The Kachalsky and Moore/Shepard opinions also differed strikingly in the analytic framework used to determine whether the statutes at issue violated the Second Amendment. In Heller, the Court expressly rejected any "interest balancing" test. Instead, it categorically struck down the District of Columbia's handgun ban without applying any constitutional "level of scrutiny." Kachalsky nevertheless applied an interest-balancing test a weak form of intermediate scrutiny to New York's restrictive licensing scheme. The Kachalsky court limited itself to determining whether the "proper cause" requirement was "substantially related" to the state's interests in public safety and crime prevention. Yet the court required no empirical evidence to support the contention that drastic limitations on the right to carry for self-defense will prevent crime. It simply deferred to the legislature's "belief" 100 years ago when the statute was enacted that regulating handgun possession would have "an appreciable impact on public safety and crime prevention." Whether it has actually had that effect was not addressed by the court.
The Moore/Shepard court, on the other hand, explained that its "analysis is not based on degrees of scrutiny, but on Illinois's failure to justify the most restrictive gun law of any of the 50 states." The court examined a number of empirical studies and concluded that "the empirical literature on the effects of allowing the carriage of guns in public fails to establish a pragmatic defense of the Illinois law." The opinion noted that, in a prior case, United States v. Skoien, the Seventh Circuit en banc had required a "strong showing" by the government "that a gun ban [for domestic violence misdemeanants] was vital to public safety[.]" The state needed to make an even stronger showing to support the nearly complete ban on carrying because "here the gun rights of the entire law-abiding adult population of Illinois" have been curtailed.
Kachalsky and Moore/Shepard also differed substantially on the use of history to determine the extent of the right to carry outside the home. Kachalsky implied that laws in effect at the time of the nation's founding justify heavy restrictions on carrying. In fact, there were no laws at the time the Second Amendment was adopted that prohibited peaceable carrying of firearms, or required a license or permit to carry. Kachalsky emphasized that, in the late nineteenth century, four states at one time banned carrying pistols, both concealed and openly, but as Moore/Shepard observed, they no longer do. The laws in those few states were atypical and cases upholding them were decided at a time when the Second Amendment, like the rest of the Bill of Rights, was thought not to impose limits on state laws. Rather than undertaking its own historical analysis regarding the scope of the right, the Seventh Circuit relied on Heller noting that "we regard the historical issues as settled by Heller."
As mentioned above, several other cases dealing with the right to carry outside the home are pending in the US Courts of Appeals. In the Fourth Circuit, the case of Woollard v. Gallagher was argued and submitted on October 24, 2012. Woollard challenges Maryland's restrictive handgun permitting scheme which, with a few exceptions, prohibits carrying a handgun, concealed or openly, outside the home without a permit that is nearly impossible for the ordinary citizen to obtain. Maryland employs a test analogous to New York which requires that an applicant for a carry permit must demonstrate a "good and substantial reason" for obtaining the permit. Maryland interprets that requirement to mean that the applicant must show a danger to himself "greater than that of an ordinary citizen" and must support his application with "documented evidence of recent threats, robberies, and/or assaults, supported by official police reports or notarized statements from witnesses."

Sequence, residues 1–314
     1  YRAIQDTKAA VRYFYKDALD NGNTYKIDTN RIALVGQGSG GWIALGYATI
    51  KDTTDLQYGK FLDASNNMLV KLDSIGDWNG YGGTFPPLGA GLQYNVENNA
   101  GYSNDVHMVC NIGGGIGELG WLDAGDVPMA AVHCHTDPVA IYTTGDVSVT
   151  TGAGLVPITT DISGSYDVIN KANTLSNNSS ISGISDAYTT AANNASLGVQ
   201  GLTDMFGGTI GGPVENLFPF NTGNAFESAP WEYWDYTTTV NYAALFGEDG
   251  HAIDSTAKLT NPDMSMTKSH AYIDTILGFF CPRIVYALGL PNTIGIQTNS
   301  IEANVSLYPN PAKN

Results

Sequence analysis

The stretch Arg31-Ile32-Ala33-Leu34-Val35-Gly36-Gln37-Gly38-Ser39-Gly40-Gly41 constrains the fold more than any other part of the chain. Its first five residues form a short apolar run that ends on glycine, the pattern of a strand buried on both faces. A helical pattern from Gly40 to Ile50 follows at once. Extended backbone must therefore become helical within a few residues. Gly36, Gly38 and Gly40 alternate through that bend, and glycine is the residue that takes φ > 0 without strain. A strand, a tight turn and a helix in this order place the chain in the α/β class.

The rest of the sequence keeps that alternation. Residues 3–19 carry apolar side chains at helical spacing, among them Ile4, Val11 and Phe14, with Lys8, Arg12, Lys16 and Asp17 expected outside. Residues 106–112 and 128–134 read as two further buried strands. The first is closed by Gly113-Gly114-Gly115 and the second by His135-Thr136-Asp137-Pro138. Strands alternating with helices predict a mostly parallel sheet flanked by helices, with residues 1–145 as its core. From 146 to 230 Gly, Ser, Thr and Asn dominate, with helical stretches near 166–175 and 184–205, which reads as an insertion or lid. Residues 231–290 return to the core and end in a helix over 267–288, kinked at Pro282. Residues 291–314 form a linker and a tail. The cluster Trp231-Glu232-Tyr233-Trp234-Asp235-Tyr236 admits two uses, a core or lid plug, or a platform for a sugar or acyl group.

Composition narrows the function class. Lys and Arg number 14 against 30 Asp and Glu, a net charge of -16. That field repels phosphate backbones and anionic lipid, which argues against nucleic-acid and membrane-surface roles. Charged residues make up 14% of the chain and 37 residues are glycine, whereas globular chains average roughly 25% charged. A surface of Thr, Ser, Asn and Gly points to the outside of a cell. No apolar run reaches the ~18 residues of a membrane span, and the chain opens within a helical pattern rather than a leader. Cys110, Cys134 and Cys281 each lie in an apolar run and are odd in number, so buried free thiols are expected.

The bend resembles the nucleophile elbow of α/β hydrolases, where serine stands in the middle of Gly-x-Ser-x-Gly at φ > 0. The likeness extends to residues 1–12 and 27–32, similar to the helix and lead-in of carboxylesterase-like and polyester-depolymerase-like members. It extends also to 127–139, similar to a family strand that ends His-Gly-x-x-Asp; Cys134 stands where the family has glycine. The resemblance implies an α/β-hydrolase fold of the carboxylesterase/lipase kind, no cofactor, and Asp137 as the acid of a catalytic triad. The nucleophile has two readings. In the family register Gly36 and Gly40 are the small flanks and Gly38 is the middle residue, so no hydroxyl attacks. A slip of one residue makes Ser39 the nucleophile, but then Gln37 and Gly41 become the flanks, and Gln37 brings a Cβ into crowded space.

Three cases were argued before the same panel of the Ninth Circuit on December 6, 2012. Peruta v. City of San Diego [audio] and Richards v. Prieto challenge the highly restrictive application in two different counties of California's concealed handgun permit scheme. Baker v. Kealoha [audio] is a challenge to Hawaii's laws which prohibit the bearing of handguns for defense except upon issuance of a discretionary license. In Hawaii, a concealed carry license may be issued only in an "exceptional case" where the applicant "appears to be a suitable person" and in the opinion of the chief of police the applicant has shown "reason to fear injury to [his or her] person or property."
These cases, along with Kachalsky and Moore/Shepard, will trace the lineaments of the right to carry outside the home at the highest judicial level so far. In Moore/Shepard, a petition for rehearing en banc was filed on January 8, 2013, and a petition for certiorari was filed in Kachalsky on the same day. Whether these cases will provide the final word for their respective circuits in the near future, or whether the Supreme Court will hear one or more of these cases, will be known in a matter of months.
Dan Peterson received his J.D. from Harvard Law School and practices in Fairfax, Virginia. He is the author of approximately 60 articles on legal and other subjects, including many on firearms law.
Suggested citation: Dan Peterson, Appellate Courts Weigh In on Right to Carry Gun, JURIST - Sidebar, Jan. 29, 2013, http://jurist.org/sidebar/2013/01/dan-peterson-gun-control-overview.php
This article was prepared for publication by Michael Muha, an assistant editor with JURIST's professional commentary service. Please direct any questions or comments to him/her at firstname.lastname@example.org